Cindy Gubler / 19 September, 2015


By Palmer DePaulis and Gail Miller, The Salt Lake Tribune

Homelessness in our community is a complex, challenging, regional and moral issue. It requires a long-term holistic approach and commitment to address. While our community has made significant progress in recent years to reduce homelessness, there is still much work to do.

To that end, two complementary commissions — comprised of service providers, government agencies, community leaders and business representatives — are nearing completion of a wide-ranging process to analyze our community’s homelessness situation and suggest solutions to best address our needs. Both groups will submit recommendations to Salt Lake City Mayor Ralph Becker and Salt Lake County Mayor Ben McAdams by year end.

As co-chairs of the city’s commission studying the locations and building needs of the various organizations that provide services to our homeless population, we felt it timely to outline a few things that people should keep in mind about homelessness in our community.

Multi-layered situation • Just like the populace at large, our homeless population is not homogeneous. It is diverse and comprised of multiple groups of people — single men, youths, families, the elderly, those with mental health and substance abuse issues and so on. Each of these groups has specific needs that must be considered and addressed separately and thoughtfully.

While the face of homelessness has been changing for decades, the financial struggles of the Great Recession led to a spike in homelessness among all types of individuals and families — usually for short, but often repeated, periods of time ­­— and that uptick has continued despite today’s more robust economy. In addition to financial problems, numerous root causes may lead to people suddenly finding themselves without a home, including domestic violence, other family conflicts, and mental health and substance abuse issues.

Multiple nonprofit and government programs have evolved over the years to meet the needs of diverse groups of homeless people. And despite the fact that we spend an estimated $100 million a year on direct and indirect services related to homelessness, we lack sufficient resources in major areas, particularly mental health and substance abuse treatment. Drug dealing and crime in the Rio Grande/Pioneer Park area — partially, but not wholly, connected to homelessness — as well as development pressures and quality of life concerns, also complicate the situation.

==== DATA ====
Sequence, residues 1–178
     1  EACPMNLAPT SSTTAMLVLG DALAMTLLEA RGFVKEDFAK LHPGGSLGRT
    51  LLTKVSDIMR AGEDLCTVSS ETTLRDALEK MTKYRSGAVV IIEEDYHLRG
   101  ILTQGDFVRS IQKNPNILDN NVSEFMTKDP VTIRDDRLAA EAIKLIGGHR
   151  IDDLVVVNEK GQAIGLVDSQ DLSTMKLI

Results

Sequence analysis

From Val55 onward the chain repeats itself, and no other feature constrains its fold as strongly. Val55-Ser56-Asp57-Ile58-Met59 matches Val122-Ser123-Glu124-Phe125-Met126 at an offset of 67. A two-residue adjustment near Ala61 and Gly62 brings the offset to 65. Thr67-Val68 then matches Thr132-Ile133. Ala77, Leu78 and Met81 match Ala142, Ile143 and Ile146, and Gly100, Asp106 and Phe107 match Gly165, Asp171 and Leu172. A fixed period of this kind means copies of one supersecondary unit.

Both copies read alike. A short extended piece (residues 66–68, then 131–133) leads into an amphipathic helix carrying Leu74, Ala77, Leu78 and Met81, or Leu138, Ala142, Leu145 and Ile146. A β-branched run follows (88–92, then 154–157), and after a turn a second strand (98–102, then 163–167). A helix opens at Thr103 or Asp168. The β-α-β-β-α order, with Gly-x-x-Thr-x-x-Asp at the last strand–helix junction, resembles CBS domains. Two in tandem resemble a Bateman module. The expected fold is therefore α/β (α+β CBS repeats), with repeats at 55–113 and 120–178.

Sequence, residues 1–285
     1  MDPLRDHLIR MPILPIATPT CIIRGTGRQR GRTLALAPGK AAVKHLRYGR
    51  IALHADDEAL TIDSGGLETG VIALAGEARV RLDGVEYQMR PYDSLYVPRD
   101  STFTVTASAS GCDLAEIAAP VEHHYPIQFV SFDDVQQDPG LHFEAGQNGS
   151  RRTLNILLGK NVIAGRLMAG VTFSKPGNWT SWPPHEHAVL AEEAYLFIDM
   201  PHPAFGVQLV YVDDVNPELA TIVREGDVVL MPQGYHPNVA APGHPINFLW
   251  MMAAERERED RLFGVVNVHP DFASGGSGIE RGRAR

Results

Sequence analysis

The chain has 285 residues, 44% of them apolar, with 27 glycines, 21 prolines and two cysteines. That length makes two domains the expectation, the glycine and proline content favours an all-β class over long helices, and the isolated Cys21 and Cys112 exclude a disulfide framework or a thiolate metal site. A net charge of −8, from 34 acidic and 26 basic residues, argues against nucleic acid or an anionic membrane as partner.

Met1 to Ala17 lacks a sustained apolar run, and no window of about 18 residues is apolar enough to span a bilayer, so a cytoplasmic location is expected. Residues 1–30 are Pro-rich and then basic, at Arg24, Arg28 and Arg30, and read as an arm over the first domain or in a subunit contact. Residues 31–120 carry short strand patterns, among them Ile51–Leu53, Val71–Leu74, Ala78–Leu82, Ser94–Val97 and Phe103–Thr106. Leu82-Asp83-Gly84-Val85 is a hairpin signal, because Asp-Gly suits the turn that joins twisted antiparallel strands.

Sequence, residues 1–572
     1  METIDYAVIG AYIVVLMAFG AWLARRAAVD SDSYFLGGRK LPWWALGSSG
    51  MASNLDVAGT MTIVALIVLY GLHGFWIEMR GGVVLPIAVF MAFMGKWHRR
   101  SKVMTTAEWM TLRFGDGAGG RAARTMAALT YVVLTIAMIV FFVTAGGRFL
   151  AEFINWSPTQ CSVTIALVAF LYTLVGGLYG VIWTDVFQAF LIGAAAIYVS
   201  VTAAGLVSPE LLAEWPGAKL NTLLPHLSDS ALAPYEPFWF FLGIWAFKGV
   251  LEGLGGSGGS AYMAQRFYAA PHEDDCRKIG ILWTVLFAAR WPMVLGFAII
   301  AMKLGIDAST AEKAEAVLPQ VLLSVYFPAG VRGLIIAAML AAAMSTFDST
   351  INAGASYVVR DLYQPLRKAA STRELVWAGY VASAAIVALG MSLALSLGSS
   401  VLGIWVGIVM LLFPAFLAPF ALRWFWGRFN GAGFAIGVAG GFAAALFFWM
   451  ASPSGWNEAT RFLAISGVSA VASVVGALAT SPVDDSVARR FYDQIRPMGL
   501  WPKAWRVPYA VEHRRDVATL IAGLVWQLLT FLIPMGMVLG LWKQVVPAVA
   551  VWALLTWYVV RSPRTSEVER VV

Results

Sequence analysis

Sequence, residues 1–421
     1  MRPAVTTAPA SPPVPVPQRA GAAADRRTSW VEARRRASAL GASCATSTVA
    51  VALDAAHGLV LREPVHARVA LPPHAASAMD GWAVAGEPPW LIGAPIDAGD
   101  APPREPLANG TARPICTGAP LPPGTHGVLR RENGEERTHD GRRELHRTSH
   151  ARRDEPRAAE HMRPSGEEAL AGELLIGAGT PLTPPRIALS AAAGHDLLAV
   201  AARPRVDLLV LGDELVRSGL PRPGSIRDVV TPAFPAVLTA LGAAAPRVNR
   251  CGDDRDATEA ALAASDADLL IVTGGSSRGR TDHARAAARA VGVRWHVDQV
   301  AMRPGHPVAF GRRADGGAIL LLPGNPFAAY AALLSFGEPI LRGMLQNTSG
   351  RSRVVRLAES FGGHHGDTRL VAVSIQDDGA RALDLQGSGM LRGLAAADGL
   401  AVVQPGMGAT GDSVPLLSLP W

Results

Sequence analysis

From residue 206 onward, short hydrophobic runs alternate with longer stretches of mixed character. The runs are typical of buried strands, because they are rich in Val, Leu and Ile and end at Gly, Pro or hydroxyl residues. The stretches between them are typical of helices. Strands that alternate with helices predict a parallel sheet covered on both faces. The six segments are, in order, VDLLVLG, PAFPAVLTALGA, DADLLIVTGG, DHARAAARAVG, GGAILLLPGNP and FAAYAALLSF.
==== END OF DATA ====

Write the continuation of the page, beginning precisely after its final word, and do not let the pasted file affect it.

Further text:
Holistic approach • It’s clear that successfully addressing homelessness requires a methodical, multipronged effort involving many stakeholders over a sustained period of time. Thanks to the leadership of Mayors Becker and McAdams, that sort of collaborative approach is exactly what our community is doing. The processes to systematically review services for homeless people, and the locations and facilities where they are provided, grew out of long-term efforts by both mayors to involve, educate and listen to key stakeholders through the Salt Lake region.

Bringing those stakeholders and disparate interests to the table and helping to ensure that all parties understand and value everyone’s positions and expectations has been a daunting task. Mayors Becker and McAdams have worked unwaveringly behind the scenes with us to hold the effort together, and both assure us they are committed to implementing sustainable improvements going forward.

Progress through partnerships • Our work shows that the community would benefit from making a variety of changes to how we serve the homeless. Most importantly, it’s crucial to separate families with children from other homeless populations. Other likely recommendations include moving from having one or two large shelters to several, smaller shelters that each serve specific groups (men, youths, the disabled, etc.); locating facilities throughout the community; better coordinating services; continuing stepped-up police efforts; and, most importantly, increasing resources for housing, medical care, mental health and substance-abuse treatment. Putting in place the recommendations of this landmark process will be a heavy lift that will require continued strong leadership and perseverance.

If any community can rise to the challenge, it is ours. Salt Lake City has already proven itself to be a national leader in effectively eliminating persistent and ongoing homelessness among veterans and dramatically reducing it among the overall homeless population.

But as anyone who has driven recently through the Rio Grande/Pioneer Park area knows, we have much work to do to improve life for our residents temporarily without homes, as well as those fortunate enough to have a roof over their heads and food on their tables. We’re grateful that our community partners and government leaders are willing to invest time and resources to tackle issues like homelessness and make life better for all of us. By working together, our city will keep growing greater, stronger, and more caring.

Palmer DePaulis has served as mayor of Salt Lake City, Utah Tax Commissioner and executive director of the state departments of Human Services and Community and Culture. A longtime community leader, philanthropist and humanitarian, Gail Miller is owner of the Larry H. Miller Group of Companies.

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